referenced as being a part of the emails. Apparently a technical glitch occurred whereby numerous emails were
“divorced” from their attachments caused by limitations in the downloading software. The separation of the emails
from the attachments happened at the interface between the different software used by PSEG and the vendor
when reducing the documents in a form that could be reviewed by counsel. It appears that the “vendor’s software
was not compatible with the HTML format in which PSEG had provided its documents and that this incompatibility
had resulted in the parent child link between the emails and attachments being broken.”
We’ve lost the connection between our e-mail messages and their attachments. This means that in responding to
discovery requests by Alberici, PSEG failed to produce relevant material. The good news is that the required data exists,
and this isn’t a case of evidence destruction. The bad news is that quite a bit of technical expertise will now have to be
put to use in order to either 1) re-process the e-mails in a manner that preserves the connection to attachments; or 2)
use the existing evidence to (in the court’s words) “re-marry” the two.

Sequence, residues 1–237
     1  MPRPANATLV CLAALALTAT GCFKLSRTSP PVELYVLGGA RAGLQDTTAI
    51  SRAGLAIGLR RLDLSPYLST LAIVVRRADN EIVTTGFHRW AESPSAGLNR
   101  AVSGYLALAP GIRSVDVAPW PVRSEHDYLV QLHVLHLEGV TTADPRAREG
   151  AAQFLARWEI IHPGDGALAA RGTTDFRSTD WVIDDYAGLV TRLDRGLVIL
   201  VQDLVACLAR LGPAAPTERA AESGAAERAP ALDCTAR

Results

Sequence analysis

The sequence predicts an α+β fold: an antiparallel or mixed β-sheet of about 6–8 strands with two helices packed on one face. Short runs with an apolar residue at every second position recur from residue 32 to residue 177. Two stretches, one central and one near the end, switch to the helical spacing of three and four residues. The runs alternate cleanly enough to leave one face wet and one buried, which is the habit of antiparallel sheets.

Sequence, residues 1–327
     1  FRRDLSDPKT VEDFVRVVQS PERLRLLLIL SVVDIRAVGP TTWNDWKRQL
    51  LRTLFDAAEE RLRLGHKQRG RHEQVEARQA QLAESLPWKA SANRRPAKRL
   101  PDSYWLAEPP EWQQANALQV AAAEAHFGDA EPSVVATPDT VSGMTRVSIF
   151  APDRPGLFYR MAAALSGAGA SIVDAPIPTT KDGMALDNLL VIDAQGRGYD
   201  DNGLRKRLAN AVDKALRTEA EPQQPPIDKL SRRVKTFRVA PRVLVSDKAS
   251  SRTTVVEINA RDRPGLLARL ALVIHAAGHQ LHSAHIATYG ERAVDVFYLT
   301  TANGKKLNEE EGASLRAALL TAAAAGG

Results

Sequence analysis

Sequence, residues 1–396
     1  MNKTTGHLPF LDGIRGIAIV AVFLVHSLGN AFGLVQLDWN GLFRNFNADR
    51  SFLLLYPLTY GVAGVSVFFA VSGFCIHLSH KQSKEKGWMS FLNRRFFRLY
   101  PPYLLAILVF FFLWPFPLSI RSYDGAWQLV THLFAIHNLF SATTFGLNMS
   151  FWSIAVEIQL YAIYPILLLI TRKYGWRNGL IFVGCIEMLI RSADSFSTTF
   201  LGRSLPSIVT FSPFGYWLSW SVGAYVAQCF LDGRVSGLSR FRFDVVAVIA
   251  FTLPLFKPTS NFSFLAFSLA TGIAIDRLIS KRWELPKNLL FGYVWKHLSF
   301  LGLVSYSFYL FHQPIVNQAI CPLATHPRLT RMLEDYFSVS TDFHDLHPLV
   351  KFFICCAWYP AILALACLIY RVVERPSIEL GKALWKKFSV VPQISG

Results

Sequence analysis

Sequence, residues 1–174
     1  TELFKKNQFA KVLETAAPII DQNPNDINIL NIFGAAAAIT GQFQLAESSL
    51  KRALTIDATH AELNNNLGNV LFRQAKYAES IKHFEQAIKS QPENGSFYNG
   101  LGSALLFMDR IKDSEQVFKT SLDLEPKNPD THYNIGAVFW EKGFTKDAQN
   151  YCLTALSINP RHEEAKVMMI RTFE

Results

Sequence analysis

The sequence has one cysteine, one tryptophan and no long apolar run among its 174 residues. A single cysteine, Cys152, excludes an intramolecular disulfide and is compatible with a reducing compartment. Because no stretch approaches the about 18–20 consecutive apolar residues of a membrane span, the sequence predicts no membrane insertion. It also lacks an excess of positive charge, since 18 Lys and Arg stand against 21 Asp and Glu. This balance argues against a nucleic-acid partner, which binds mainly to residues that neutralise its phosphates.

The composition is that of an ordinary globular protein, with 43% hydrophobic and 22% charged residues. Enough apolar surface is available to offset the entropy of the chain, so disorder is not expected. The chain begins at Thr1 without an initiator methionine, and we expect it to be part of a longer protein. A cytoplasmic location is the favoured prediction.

Judge Treece tells us what the parties did upon discovering the problem:
Throughout this ordeal, the raw data was not lost. All 750 gigabytes of unfiltered data remained intact in its
original format. Realizing that the underlying data still existed, the next proposal included PSEG sharing with
Alberici’s vendor a sample of the metadata for analysis. However, the dearth of metadata related to the emails and
attachments rendered this proposal fruitless. In the interim, the parties’ vendors explored other ways to reverse
engineer the available data and “re-marry” the attachments to their emails. This exploration was for naught
inasmuch as the data necessary to complete this task was destroyed during PSEG’s collection and formatting of the